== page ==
Out-of-Competition Films and More Announced for Sundance 2010
News continues to trickle in regarding the lineup at the 2010 Sundance Film Festival, taking place in Utah from Jan. 21-31.
One of several changes to the format this year is the inclusion of new categories of out-of-competition films. Among the additions is the out-of-competition category called “NEXT (<=>)” featuring eight low- to no-budget American films honored for their innovative artistic merit. “Spotlight” is a new category of miscellaneous, laudable short, feature and documentary films from the U.S. and around the world. Included this year is highly acclaimed French prison drama Un Prophète, a collection of three African short films from various countries, and the documentary 8: The Mormon Proposition exploring the promotion of California’s Prop 8 resolution by the Mormon religious community.
In an effort to expand independent film to other areas of the country too, the festival is implementing another new event called Sundance Film Festival U.S.A., which dispatches eight filmmakers to eight different U.S. cities for one night only. Thus, on the night of Thursday, Jan. 28, filmmakers will arrive in Chicago, Los Angeles, Madison, Wis., Nashville, Brooklyn, Brookline, Mass., San Francisco, and Ann Arbor, Mich. to screen their direct-from-festival films and hold post-movie audience discussions.
Film luminaries are popping up both behind and in front of camera throughout the out-of-competition categories. The category “Premieres” will feature Philip Seymour Hoffman directorial debut Jack Goes Boating, about a limo driver whose blind date sparks a turbulent emotional journey for two working-class New York couples. The category will also include Abel, directed and co-written by Mexican actor Diego Luna (Y Tu Mamá También). Luna’s sophomore directorial effort is a fantastical exploration of a young boy’s assumption of the role of patriarch in his father’s absence.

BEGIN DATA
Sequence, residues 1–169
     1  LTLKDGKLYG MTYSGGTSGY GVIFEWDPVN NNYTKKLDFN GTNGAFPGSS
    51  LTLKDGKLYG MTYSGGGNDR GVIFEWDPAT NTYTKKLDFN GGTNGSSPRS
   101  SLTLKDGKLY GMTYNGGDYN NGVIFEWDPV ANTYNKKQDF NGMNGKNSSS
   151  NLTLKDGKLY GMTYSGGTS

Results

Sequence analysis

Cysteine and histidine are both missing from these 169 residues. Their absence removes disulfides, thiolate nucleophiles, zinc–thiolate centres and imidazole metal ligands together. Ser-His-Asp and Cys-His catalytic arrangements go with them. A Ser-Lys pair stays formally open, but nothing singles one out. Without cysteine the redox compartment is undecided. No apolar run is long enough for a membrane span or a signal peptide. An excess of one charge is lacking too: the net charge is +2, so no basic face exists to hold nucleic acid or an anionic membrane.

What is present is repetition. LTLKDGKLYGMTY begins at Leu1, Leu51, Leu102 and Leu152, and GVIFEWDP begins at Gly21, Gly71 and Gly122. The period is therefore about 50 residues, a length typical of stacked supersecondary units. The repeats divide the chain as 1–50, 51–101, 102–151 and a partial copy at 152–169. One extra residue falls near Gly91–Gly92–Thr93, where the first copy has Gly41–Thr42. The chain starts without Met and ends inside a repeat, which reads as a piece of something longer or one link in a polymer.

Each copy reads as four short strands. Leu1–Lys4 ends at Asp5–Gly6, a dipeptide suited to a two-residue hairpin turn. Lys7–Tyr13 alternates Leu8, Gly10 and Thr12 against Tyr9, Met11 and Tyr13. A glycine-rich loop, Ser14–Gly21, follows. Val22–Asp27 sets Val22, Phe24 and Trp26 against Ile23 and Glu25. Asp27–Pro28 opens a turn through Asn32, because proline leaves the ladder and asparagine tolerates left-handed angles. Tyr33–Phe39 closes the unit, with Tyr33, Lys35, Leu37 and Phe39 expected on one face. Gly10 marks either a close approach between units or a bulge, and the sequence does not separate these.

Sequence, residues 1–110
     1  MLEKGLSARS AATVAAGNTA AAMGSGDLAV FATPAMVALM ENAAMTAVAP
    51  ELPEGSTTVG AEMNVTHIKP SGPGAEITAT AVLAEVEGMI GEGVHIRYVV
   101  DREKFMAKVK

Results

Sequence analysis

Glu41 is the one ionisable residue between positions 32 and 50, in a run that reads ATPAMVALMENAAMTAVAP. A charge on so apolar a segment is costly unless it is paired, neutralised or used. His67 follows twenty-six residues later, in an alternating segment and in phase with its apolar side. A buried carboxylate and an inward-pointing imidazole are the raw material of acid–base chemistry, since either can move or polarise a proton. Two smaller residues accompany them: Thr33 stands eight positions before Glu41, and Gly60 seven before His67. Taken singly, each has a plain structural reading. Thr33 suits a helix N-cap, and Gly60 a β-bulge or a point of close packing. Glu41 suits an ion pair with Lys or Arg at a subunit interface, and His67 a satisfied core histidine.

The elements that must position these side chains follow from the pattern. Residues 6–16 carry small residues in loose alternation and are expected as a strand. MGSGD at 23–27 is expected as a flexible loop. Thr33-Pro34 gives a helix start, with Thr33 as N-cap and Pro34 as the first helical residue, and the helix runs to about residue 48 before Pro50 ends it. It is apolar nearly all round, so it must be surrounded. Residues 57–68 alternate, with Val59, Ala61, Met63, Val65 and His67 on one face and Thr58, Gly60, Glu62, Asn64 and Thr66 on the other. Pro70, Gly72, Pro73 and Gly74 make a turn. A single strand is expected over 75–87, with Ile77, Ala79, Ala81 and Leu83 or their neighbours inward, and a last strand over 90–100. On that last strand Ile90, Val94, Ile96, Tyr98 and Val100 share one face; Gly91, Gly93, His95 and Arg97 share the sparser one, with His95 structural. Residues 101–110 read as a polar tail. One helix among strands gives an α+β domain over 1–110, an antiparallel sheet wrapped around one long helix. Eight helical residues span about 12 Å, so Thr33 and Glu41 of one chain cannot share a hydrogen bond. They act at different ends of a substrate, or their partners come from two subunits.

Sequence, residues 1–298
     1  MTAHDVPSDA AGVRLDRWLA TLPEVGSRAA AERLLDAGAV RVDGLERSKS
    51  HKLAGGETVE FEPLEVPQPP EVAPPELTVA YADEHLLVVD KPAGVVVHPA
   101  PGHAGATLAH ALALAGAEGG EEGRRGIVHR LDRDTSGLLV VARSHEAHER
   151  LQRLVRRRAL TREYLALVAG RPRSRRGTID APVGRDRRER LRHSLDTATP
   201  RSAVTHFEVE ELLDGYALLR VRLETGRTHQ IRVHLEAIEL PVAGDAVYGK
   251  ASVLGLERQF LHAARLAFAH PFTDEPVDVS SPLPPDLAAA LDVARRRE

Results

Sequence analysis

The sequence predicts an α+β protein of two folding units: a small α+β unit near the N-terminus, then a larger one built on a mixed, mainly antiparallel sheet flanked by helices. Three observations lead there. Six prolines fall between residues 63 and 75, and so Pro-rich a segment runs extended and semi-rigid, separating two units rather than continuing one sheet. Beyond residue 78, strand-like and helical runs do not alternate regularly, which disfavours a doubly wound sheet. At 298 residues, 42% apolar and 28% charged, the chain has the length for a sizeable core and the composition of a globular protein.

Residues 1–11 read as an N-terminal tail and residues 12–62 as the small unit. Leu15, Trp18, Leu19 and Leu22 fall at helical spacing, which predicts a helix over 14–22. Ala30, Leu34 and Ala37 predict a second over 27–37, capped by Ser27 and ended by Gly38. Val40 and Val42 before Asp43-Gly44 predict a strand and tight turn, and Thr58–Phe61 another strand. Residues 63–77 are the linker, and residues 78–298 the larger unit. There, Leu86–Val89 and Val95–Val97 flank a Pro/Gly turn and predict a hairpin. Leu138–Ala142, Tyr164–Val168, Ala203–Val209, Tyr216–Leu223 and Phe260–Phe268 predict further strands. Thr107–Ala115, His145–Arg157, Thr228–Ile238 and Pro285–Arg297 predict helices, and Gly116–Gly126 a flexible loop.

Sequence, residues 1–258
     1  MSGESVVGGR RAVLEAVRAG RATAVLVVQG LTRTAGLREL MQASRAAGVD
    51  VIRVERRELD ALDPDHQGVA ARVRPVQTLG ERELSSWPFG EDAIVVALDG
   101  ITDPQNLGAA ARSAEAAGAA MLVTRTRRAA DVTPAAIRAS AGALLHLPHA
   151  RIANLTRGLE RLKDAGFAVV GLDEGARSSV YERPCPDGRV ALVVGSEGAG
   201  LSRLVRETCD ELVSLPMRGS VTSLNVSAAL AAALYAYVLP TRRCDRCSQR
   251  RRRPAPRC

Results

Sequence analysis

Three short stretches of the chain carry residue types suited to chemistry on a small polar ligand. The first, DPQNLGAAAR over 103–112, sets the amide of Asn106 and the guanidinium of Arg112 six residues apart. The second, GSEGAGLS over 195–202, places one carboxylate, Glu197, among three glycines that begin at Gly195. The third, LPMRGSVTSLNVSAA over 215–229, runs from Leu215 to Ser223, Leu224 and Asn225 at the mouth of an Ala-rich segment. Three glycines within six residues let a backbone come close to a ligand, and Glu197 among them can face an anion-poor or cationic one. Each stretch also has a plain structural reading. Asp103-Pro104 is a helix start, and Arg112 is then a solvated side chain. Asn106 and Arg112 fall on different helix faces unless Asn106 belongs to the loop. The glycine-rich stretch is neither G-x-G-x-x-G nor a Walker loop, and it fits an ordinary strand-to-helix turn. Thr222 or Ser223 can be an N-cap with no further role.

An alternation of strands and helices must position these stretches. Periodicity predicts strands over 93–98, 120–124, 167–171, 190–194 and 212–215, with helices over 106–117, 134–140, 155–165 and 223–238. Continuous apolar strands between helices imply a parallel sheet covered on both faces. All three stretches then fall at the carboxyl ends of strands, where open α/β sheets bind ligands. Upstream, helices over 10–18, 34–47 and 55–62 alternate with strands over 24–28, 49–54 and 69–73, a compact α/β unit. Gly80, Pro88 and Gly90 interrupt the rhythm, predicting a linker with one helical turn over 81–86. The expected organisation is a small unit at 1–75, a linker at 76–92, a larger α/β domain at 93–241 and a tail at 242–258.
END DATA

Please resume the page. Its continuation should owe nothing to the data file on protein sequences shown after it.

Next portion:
Also appearing in this category is Sam Taylor Wood’s much-anticipated Nowhere Boy and Nicole Holofcener’s Please Give. Michael Winterbottom (24 Hour Party People) contributes two films to this section. One is an adaptation of Naomi Klein’s acclaimed book Shock Doctrine, which he co-directs with Mat Whitecross (his collaborator on the 2006 doc The Road to Guantanamo). Winterbottom’s other contribution to the fest is The Killer Inside Me, a film starring Casey Affleck and Kate Hudson that centers on a formerly upstanding sheriff in a small Texas town who starts murdering people.
The changes to the festival this year arrive in time for its 15th anniversary. The inaugural festival was launched by Robert Redford in 1985.
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